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Here is an example of Bash's process substitution:

zjhui@ubuntu:~/Desktop$ echo >(ls)
/dev/fd/63
zjhui@ubuntu:~/Desktop$ abs-guide.pdf

Then I get a cursor waiting for a command.

/dev/fd/63 doesn't exist. I think what happens is:

  1. Output the filename used in /dev/fd
  2. Execute the ls in >(ls)

Is this right? Why is there a cursor waiting for input?

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1 Answer 1

up vote 5 down vote accepted

When you execute echo >(ls), bash replaces this with echo /dev/fd/63 and runs ls with /dev/fd/63 connected to its standard input. echo does not use its arguments as file names, and ls does not use standard input. Bash will write your standard prompt but the output of ls comes after it. You can type in any Bash command there, you just lost the visual cue from the prompt, which is further up the screen.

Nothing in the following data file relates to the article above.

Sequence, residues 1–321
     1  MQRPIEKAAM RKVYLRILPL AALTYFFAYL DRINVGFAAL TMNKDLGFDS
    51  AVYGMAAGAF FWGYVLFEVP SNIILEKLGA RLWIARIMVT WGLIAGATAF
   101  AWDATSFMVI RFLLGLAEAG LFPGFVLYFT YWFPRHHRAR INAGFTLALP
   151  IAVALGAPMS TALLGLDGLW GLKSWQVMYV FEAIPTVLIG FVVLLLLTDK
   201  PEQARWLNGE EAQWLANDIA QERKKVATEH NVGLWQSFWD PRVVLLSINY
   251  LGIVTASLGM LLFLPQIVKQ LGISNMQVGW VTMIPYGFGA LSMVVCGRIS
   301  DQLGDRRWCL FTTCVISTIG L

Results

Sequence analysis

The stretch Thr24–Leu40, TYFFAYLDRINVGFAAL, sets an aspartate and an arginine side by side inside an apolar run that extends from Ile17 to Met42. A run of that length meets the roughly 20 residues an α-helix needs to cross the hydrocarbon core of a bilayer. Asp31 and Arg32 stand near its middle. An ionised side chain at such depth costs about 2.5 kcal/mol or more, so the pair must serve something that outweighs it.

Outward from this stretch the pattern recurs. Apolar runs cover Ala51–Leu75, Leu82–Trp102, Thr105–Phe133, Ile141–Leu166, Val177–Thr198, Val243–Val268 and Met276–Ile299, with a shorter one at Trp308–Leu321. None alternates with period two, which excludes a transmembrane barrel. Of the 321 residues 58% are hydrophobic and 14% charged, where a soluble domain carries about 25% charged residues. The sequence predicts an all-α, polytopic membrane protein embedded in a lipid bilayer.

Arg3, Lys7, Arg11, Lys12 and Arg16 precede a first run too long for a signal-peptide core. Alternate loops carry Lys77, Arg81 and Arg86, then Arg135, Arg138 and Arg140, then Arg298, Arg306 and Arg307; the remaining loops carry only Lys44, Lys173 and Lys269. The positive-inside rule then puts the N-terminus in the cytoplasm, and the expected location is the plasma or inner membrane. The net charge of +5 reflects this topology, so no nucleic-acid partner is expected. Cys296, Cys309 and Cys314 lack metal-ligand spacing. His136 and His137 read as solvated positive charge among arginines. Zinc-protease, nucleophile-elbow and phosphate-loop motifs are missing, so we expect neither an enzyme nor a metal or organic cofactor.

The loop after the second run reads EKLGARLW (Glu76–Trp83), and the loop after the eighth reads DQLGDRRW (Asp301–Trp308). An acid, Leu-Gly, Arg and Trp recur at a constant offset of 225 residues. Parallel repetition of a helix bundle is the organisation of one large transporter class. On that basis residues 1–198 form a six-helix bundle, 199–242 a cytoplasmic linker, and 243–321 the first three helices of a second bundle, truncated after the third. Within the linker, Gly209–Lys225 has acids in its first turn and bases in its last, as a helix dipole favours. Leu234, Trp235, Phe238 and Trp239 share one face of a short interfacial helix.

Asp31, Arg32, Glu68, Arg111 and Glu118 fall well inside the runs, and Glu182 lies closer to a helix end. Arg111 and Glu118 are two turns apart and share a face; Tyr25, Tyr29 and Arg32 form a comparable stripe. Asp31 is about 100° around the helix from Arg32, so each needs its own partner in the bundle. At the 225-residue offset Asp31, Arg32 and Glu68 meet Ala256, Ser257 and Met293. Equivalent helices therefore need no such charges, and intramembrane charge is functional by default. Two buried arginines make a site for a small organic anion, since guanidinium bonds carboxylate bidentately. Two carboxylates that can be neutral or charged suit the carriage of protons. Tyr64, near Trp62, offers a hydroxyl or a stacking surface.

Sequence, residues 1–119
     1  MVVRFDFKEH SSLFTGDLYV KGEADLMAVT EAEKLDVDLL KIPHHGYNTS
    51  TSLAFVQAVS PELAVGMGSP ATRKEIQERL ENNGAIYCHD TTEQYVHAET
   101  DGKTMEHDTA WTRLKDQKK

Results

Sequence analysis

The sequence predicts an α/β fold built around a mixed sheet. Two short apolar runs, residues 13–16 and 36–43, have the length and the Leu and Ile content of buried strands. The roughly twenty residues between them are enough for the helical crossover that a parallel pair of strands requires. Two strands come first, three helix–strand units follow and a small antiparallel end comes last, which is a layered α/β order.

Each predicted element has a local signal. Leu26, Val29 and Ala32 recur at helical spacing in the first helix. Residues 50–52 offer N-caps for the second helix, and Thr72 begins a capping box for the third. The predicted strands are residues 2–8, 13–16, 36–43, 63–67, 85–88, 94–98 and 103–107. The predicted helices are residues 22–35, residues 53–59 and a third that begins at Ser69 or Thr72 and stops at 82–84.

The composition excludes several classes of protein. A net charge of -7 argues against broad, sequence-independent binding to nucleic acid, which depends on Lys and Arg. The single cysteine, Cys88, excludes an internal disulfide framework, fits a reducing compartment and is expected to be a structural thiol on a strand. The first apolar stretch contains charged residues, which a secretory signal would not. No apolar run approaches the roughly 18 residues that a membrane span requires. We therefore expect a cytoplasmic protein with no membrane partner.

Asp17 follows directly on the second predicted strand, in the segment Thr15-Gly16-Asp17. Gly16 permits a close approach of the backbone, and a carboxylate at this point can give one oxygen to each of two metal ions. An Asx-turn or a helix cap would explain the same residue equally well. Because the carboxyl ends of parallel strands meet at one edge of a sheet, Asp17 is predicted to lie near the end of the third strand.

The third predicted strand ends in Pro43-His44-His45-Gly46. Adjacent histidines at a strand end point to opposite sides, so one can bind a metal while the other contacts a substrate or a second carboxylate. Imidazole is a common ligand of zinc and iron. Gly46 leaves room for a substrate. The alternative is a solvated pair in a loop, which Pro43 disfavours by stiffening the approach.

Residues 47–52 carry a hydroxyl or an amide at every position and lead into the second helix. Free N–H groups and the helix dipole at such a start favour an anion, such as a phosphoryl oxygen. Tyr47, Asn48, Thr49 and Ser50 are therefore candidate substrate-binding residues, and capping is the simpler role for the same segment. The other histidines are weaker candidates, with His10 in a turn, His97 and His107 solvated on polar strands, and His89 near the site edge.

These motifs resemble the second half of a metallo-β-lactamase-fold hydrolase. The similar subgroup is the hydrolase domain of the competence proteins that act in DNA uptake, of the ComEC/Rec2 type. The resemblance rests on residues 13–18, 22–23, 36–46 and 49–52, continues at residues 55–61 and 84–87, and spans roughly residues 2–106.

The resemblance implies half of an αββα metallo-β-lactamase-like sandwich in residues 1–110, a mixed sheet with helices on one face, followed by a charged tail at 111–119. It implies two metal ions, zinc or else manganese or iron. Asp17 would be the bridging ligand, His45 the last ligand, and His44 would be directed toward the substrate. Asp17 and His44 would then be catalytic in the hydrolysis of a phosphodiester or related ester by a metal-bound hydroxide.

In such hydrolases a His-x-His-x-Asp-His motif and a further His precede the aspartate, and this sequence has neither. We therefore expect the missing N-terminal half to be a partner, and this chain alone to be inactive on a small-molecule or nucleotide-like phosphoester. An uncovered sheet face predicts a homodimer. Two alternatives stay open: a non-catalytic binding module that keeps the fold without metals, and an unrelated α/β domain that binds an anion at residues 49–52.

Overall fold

echo >(ls) is not something that is likely to ever be useful.

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I just want to understand the Process Substitution from this example, Thank you for your answer –  zjhui Aug 16 '12 at 12:37

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